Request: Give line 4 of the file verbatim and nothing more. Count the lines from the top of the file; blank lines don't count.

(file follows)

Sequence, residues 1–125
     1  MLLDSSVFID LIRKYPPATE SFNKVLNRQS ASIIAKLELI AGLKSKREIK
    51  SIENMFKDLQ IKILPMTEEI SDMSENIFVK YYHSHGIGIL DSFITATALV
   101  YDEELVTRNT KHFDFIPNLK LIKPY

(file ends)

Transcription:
   101  YDEELVTRNT KHFDFIPNLK LIKPY